One of my concerns was the impact that violent video games might have on his brain. Maybe it is irrational, but I worry about things like that. (I can’t help it – I’m a mom! I worry about concussions in hockey and soccer, too.) I felt like I had read somewhere about the negative impacts of gaming, but couldn’t call up any facts.
I knew that there was a longstanding body of research on the negative impact that watching violence has on kids. For example:
Dr. Wayne Warburton said … that years of study across the world showed definite links between time spent watching dramatized violence and the likelihood of aggressive behavior in the young. “There are some key impacts of violent media on children that are very well demonstrated in research,” Warburton said. “They include increases in the likelihood of aggressive behavior, increases in desensitization to violence and an increase in the overall view that the world is more scary and hostile than it really is.” (Read more here.)
So it seemed likely that there would be some evidence that playing violent games would also have a negative impact. Right?
A quick and very unscientific Google search turned up several articles, one with the promising title Violent Games DO Alter Your Brain- and the effect is visible in MRIs in just one week.
The study took in 22 young men, and used magnetic-resonance scanning, as well as verbal psychological tests and counting tasks. One control group played a violent shoot ’em up for 10 hours during one week, then refrained afterwards. The other group did not play any games in either week. After one week, the ‘gamers’ showed less activity in certain regions of the brain when they were scanned. (Read more here.)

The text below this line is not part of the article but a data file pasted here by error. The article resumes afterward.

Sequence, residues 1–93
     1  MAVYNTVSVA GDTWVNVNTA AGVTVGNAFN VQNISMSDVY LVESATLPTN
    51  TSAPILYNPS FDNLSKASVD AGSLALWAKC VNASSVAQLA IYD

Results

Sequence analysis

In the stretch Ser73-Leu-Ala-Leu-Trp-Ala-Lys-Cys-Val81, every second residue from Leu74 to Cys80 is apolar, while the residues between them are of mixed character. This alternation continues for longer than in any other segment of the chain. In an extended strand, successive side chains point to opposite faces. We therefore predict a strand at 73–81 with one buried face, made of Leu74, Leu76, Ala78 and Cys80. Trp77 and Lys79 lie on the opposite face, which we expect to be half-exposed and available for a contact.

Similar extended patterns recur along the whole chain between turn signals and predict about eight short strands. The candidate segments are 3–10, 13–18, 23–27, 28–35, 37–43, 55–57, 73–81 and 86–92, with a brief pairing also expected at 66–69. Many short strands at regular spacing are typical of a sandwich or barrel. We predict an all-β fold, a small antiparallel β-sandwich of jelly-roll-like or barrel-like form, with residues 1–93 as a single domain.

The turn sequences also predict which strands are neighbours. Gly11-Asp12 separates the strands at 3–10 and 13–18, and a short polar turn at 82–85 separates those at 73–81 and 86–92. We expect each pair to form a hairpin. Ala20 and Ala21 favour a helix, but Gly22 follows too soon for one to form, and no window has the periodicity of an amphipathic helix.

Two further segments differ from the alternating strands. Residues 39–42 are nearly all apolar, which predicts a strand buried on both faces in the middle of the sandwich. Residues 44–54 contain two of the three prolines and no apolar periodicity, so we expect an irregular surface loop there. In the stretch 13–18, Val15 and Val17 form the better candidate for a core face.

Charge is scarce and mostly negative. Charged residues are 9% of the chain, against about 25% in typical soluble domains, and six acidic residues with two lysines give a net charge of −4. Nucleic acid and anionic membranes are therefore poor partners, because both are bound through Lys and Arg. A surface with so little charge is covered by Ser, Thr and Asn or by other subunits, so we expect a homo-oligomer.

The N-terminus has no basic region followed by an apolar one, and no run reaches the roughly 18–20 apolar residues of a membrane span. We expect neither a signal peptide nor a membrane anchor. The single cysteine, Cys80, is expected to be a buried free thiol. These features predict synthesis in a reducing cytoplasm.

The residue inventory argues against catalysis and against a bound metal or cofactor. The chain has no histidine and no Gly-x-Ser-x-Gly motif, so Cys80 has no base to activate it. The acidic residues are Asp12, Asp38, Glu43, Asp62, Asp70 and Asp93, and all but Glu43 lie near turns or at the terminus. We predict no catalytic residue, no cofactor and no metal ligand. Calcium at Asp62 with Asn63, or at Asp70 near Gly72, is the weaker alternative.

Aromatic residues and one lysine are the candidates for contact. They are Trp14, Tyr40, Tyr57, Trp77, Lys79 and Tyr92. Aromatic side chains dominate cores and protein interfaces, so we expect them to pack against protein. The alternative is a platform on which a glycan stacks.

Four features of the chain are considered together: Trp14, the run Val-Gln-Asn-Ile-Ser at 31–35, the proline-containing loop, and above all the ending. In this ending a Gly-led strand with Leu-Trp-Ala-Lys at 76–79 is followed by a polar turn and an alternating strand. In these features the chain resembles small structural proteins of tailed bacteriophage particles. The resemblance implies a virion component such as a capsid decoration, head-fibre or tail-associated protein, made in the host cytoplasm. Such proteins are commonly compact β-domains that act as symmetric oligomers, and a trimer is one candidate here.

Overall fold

According to Science Daily, the parts of the brain affected were the frontal brain regions important for controlling emotion and aggressive behavior. “These findings indicate that violent video game play has a long-term effect on brain functioning, Dr. Wang said. “These effects may translate into behavioral changes over longer periods of game play.” (Read more here.)
Sevrin read the articles that I sent him. Then he did his own research, looking for data showing that playing violent video games can impact the brain positively. It turns out that some recent studies have actually shown an increase in creativity and in performing multiple tasks simultaneously. He sent me the following articles on the benefits of playing violent video games.
From Science Daily: “After playing the shooter game, the changes in electrical activity were consistent with brain processes that enhance visual attention and suppress distracting information,” said Sijing Wu, a PhD student in Spence’s lab in U of T’s Department of Psychology and lead author of the study.
“Studies in different labs, including here at the University of Toronto, have shown that action videogames can improve selective visual attention, such as the ability to quickly detect and identify a target in a cluttered background,” said Spence. “But nobody has previously demonstrated that there are differences in brain activity which are a direct result of playing the videogame.”
From Bloomberg (covering a report published in Current Biology): “Playing action video games primes the brain to make quick decisions and could be incorporated into training programs for surgeons or soldiers, a study found.”